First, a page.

Christmas on December 25th?

Discussion in 'Comparative Studies' started by Nick the Pilot, Nov 30, 2007.

  1. wil

    wil UNeyeR1

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    So the time of the census doesn't narrow the date at all? Or at least move it out of fall and winter??
     
  2. Thomas

    Thomas Super Moderator Staff Member

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    Hi Wil —
    Trouble is, we can't date the Lucan census with any great accuracy ...

    Without rehearsing the whole argument, the general critical view was the Luke is unreliable on the details and this section had been considered a fabrication, to link Joseph to the House of David. The Lucan account and the Matthaen account differ by about ten years ... also, the idea of everyone having to return to their home towns was regarded as laughable ... some argued that only Romans would be counted in a census required by Caesar, yet the Jews revolted against the census because they refused to be counted ... so lots of divided opinions.

    Recent discoveries however reveal that the Romans did have a regular enrollment of taxpayers and held a formal census every 14 years, beginning with the reign of Caesar Augustus.

    As Herod the Great died 4BC, and the census under Quirinius was 6AD, either Matthew or Luke is wrong. Archaeological evidence however shows that someone (the name is missing from the fragment) served two terms as a Governor, which before critics had said was not the case ... we now know that Quirinius was "governing" Syria around 7BC (although in a military capacity, under the titular governor). A papyrus discovered in Egypt generally discusses the system of Roman taxation, declaring the following: "Because of the approaching census it is necessary that all those residing for any cause away from their home should at once prepare to return to their own governments in order that they may complete the family registration of the enrollment..."

    Also, there could well have been a 'local' census (as was the practice, with a change of administration, for example) that was rolled into the larger Augustinian one.

    ... so more and more Luke is being shown to be a reliable historian. However, this still does not give us a fixed date or season for the Scriptural journey.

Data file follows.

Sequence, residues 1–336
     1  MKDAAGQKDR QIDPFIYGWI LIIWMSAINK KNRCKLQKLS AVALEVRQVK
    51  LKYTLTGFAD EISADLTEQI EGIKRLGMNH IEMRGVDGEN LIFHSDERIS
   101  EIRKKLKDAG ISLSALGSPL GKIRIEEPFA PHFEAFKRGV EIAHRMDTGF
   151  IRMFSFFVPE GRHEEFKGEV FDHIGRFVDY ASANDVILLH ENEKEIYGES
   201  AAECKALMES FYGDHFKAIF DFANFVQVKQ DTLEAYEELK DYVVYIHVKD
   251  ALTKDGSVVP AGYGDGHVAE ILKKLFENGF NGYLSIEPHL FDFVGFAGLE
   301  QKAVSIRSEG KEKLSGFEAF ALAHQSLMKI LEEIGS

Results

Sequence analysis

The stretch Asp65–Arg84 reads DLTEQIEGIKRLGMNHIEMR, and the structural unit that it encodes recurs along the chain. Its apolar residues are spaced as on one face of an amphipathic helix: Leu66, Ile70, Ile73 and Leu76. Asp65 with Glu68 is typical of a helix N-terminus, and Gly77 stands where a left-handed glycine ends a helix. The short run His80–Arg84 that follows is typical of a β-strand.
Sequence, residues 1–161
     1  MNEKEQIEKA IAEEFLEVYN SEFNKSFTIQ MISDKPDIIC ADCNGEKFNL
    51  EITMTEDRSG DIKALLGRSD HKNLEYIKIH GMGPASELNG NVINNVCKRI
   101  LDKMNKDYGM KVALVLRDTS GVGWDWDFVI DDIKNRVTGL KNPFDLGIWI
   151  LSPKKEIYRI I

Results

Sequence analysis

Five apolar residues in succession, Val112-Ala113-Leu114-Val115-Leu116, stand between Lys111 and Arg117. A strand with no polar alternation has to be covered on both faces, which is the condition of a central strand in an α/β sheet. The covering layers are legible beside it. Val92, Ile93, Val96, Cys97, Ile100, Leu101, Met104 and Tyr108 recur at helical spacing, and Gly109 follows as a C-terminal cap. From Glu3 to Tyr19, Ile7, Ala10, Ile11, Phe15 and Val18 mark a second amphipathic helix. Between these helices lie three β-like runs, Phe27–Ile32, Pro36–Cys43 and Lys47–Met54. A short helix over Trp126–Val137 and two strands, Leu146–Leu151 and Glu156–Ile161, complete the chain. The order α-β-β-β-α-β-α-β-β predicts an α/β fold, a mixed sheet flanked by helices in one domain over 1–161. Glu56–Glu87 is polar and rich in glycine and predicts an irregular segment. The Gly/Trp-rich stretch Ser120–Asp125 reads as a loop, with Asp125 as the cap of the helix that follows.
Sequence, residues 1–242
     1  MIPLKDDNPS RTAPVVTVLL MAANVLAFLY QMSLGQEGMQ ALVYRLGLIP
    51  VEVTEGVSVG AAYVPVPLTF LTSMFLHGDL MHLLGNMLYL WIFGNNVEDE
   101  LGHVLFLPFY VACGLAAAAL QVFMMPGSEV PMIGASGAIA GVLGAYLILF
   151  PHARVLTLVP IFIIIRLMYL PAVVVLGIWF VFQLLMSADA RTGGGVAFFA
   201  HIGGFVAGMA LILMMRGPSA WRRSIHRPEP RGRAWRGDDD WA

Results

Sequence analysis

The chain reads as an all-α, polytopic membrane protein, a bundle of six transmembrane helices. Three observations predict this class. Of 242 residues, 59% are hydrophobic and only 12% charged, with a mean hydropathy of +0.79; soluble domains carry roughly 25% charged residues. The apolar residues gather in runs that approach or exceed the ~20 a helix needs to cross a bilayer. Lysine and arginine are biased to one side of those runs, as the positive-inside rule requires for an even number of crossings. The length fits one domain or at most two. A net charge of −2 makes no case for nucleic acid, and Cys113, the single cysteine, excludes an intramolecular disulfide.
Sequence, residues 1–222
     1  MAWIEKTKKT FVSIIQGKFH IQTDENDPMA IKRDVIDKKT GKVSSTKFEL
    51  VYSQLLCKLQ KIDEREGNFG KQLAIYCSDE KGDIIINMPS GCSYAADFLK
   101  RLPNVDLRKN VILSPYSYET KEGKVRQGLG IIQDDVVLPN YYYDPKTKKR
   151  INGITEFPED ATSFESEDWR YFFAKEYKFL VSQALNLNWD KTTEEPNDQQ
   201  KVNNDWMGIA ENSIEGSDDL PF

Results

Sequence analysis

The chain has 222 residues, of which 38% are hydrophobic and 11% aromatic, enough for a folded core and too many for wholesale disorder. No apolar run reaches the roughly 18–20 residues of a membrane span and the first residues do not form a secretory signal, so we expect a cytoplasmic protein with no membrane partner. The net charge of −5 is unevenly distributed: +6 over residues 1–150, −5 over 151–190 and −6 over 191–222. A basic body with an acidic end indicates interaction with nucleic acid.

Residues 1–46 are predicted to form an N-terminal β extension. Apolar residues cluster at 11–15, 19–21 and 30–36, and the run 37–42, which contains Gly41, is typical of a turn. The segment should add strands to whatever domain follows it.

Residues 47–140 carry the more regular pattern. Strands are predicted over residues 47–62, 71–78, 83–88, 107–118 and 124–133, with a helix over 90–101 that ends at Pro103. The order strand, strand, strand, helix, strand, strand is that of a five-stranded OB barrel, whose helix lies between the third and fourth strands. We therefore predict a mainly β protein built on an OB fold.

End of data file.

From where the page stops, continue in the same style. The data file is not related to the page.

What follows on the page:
Thomas
     
  3. wil

    wil UNeyeR1

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    I'll be back...
     
  4. Nick the Pilot

    Nick the Pilot Well-Known Member

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    Wil,

    I want to bring two ideas back into this discussion.

    December 25th was chosen because of the winter solstice. In those days, the winter solstice was on Dec. 22nd. (It has since been moved to Dec. 21st.) The winter solstice was chosen because it is the ‘darkest day of the year.’ (The idea being that Jesus ‘lights the darkness.’) As we all know, according to the story, Jesus died and came back to life three days later. 22 + 3 = 25. This is why Dec. 25th was decided upon. It can also be said the date was decided on for astrological reasons. The winter solstice is also the first day of Capricorn (a very important day astrologically), and the people who chose Dec. 22nd knew of the astrological importance of this day. The first day of Capricorn (the winter solstice) is still an important day for many people, so there is an important astrological connection between Christmas and Dec. 25th.

    Christmas is a difficult day for many people, financially as well as emotionally. (Many people pine for the fun they had on Christmas as children, they do not find it, and feel melancholy as a result.) When we keep in mind that Dec. 25th is really just another day, we can get though it much more easily.
     
  5. Thomas

    Thomas Super Moderator Staff Member

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    No it wasn't, as the evidence makes clear.

    Pure nonsense. Or, put another way, can you provide your source materials to evidence such a claim?

    Not to the Christians, who set the date ... so, unless you can support that claim with evidence, I suggest it's another piece of nonsense.

    Thomas
     
  6. Nick the Pilot

    Nick the Pilot Well-Known Member

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    Thomas,

    Agan you post in a condescending way. I won't discuss this with you any more. It is a shame, because your message, something worth considering, gets lost in your condescending way of presenting it. But our discussion in over.
     
  7. Thomas